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One of the reasons humans kept improving on civilization is it made us healthier. We enjoyed not enduring scourges like cholera and typhoid.
We stopped throwing our excrement on the streets and started filtering water and taking baths more often.
Sometimes we get complacent. We forget about basic sanitation. Or we let infrastructure rot, like in Flint, Mich.
Biology has a way of waking us up when that happens.
It certainly woke San Diego up.
We have always had homeless neighbors. But something happened about seven years ago. They pitched tents – set up encampments. They formed a disjointed neighborhood of their own, transcendent of our official neighborhood boundaries.
It made sense that the Occupy movement that clustered tents outside City Hall attracted homeless people too. The movement toward community picked up pace.
Even as the economy kept recovering, the encampments were attractive. People relied on and protected one another. Most of all, they seemed to make a decision to stop hiding – quite the opposite, they were announcing themselves.
They were no longer just lying on the streets. They were living on the streets.
The tents were a blazing bonfire – an SOS from refugees right next door. We’ve covered it for years, but it never registered as a city emergency. It was just this festering problem we could keep managing.
Last year, exasperated, we assigned Lisa Halverstadt to work with photojournalist Jamie Scott Lytle to capture the tent cities in East Village and implored that people “Look at Your Tent Cities, San Diego.”
Look at them! They made it impossible not to see, but we still didn’t look.
Meanwhile, the tent cities grew. As much as they might have provided community and more safety, they were dangerous, filthy places. Disease, misery and addiction haunted them.
San Diego’s elite, as genuinely concerned as they were, had no idea what to do. No leader made any sense out of it. There were numbers and esoteric debates of enormous complexity. Every year offered big, vague policy promises.
And still it festered.
Local media, out of ideas on how to get attention to it, even did something unprecedented. Most all major local news organizations united to cover one thing, one thing only, for one day: homelessness.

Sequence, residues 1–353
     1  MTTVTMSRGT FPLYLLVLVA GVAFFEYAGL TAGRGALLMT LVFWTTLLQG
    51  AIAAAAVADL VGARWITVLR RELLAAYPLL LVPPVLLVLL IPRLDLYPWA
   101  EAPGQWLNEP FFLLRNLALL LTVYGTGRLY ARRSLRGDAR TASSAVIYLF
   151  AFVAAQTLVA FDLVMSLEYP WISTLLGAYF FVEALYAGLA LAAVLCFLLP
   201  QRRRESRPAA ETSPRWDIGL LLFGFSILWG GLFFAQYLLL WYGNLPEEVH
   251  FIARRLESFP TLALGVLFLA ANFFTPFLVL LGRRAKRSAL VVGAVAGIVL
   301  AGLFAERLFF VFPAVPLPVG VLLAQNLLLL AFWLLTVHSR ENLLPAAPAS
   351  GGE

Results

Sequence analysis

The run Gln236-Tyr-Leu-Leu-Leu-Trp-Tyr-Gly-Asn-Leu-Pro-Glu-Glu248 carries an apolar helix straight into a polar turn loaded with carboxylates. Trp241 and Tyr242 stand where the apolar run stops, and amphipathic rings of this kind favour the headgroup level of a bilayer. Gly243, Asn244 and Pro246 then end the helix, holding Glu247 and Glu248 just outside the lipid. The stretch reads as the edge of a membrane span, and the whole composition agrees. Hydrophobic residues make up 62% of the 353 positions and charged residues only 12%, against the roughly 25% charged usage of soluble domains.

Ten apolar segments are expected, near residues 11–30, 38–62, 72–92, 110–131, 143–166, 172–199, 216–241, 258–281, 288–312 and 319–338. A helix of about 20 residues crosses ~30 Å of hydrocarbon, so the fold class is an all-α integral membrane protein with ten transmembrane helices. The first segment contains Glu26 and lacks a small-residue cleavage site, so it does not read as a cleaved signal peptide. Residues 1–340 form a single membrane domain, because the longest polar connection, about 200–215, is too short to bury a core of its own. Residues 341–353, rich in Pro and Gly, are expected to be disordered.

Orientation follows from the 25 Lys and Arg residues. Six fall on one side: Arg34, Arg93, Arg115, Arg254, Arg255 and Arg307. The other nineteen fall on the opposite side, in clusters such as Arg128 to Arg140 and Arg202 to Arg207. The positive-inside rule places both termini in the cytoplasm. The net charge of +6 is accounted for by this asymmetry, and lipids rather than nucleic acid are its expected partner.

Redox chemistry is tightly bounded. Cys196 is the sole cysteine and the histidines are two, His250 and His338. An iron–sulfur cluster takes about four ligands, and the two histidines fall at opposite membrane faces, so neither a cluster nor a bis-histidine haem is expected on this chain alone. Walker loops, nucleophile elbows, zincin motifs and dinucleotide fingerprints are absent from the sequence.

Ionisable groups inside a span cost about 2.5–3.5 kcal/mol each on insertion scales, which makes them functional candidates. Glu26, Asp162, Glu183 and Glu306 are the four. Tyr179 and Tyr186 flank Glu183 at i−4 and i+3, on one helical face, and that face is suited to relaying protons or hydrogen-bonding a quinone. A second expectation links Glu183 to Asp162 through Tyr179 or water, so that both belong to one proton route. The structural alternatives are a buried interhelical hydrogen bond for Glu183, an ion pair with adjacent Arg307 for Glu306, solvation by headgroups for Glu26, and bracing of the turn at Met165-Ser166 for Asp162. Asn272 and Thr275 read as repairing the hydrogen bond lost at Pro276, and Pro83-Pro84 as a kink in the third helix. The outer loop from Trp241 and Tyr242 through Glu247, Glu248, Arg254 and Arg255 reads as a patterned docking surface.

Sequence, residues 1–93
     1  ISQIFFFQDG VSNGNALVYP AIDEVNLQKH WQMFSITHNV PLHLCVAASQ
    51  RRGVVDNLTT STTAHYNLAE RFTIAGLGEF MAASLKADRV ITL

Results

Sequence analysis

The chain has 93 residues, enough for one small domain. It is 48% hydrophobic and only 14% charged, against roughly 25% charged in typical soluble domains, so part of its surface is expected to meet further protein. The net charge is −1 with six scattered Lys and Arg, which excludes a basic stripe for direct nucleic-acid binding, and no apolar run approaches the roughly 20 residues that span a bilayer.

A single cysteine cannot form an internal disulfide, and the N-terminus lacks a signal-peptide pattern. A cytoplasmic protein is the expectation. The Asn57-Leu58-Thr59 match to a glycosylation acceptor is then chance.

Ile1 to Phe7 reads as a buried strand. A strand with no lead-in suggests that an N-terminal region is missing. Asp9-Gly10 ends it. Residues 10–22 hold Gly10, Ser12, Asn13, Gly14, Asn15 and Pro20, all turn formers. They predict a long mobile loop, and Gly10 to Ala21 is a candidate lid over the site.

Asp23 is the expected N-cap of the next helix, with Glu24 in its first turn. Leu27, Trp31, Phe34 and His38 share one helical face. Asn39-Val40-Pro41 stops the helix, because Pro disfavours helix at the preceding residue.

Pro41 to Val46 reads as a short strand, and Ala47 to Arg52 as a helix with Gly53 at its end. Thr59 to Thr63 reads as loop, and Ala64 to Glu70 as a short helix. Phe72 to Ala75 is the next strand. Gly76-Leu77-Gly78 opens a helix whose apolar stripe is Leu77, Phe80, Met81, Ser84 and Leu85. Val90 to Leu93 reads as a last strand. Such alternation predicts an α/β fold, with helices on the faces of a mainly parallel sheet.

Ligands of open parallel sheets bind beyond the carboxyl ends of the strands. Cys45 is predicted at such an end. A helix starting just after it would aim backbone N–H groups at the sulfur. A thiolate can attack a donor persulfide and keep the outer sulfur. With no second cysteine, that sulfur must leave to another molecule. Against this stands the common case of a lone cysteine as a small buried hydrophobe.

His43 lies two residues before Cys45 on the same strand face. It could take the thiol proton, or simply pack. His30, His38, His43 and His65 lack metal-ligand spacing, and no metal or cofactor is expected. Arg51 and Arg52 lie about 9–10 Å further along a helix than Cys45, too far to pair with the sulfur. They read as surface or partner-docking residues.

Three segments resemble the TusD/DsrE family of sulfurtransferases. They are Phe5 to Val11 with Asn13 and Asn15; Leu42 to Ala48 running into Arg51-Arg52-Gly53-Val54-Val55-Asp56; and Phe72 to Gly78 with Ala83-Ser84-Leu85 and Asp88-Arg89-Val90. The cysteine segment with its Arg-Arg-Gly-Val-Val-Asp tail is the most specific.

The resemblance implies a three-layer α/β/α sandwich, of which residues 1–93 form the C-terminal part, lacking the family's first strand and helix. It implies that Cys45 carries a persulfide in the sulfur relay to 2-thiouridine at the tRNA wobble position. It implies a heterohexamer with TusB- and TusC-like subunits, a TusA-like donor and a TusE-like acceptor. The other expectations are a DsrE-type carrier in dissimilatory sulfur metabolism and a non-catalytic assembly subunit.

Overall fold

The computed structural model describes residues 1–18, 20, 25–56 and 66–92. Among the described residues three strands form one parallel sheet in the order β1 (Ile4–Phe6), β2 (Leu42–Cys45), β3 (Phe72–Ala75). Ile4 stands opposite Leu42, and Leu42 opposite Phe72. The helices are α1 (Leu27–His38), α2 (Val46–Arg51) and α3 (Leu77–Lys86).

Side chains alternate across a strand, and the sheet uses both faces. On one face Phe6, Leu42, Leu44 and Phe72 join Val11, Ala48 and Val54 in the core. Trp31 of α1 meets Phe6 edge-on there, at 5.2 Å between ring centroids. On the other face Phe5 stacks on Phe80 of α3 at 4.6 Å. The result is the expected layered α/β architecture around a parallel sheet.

Officials hired high-profile people to tackle the problem. Initiatives were set. But the tent cities kept going. There were feeble attempts to disrupt them. But nothing changed.
Finally, nature woke us up.
Nature doesn’t have patience for our political debates. Hepatitis A is a living thing, just like us. It found the right conditions and reproduced rapidly. It jumped from host to host. Through their feces.
We pretended like downtown was going to be a walkable, urban destination and yet we didn’t give it bathrooms. We actually took out bathrooms rather than add them. We locked the ones we put in.
Why? They are so sparse, people congregate around the ones that open.
What did we think these homeless people would do? Where did we think their poop was going?
I would run into callous people all the time who would say things like, “Homeless people are just lazy and there’s nothing we can do about it.” Stop saying that. Be as heartless as you want. But stop saying that. We are a modern civilization. We know how to build cities that don’t have fecally contaminated streets.
If we don’t make sure everyone has access to shelter and sanitation, we will pay the price.
Yet still the mayor, City Council and county supervisors presided for three years over the expansion of a Skid Row. Nothing changed until a disease that spreads via feces started getting a lot of people sick.
And even then, nothing changed until media pointed out that a poop-borne disease was spreading rapidly and city and county government didn’t seem to be addressing it with urgency or sounding the necessary alarm.
Now we have action. But of course, it’s mixed with blame.
The county and city are locked in a quiet battle to prove who was more at fault. Let me help them resolve it:
The county should have alerted people better about what was happening. And the city should have had better leadership to do something about the tent cities and helpless misery in our streets.
Congratulations, you both win. You have risked the city’s image as badly as anything the “Enron by the Sea” contemporaries wrought.
Now the city is clearing the streets. The homeless people aren’t vanishing, they’re spreading out. The mayor and county now want them to set up camp in a parking lot until big tents are built. But the parking lot tent city and the coming mega tents will only hold a fraction of them. Many of the people who go there might have been hidden in canyons or barely getting by from shelter to shelter.
There is no plan for where the rest will go or where the people will live. Nobody can tell us what the “temporary bridge structures” – that’s how officials have described the tents – are a bridge to.
But the action and urgency is a welcome start.
It’s just too bad it took an awful virus – a wake-up call from nature – to get us there.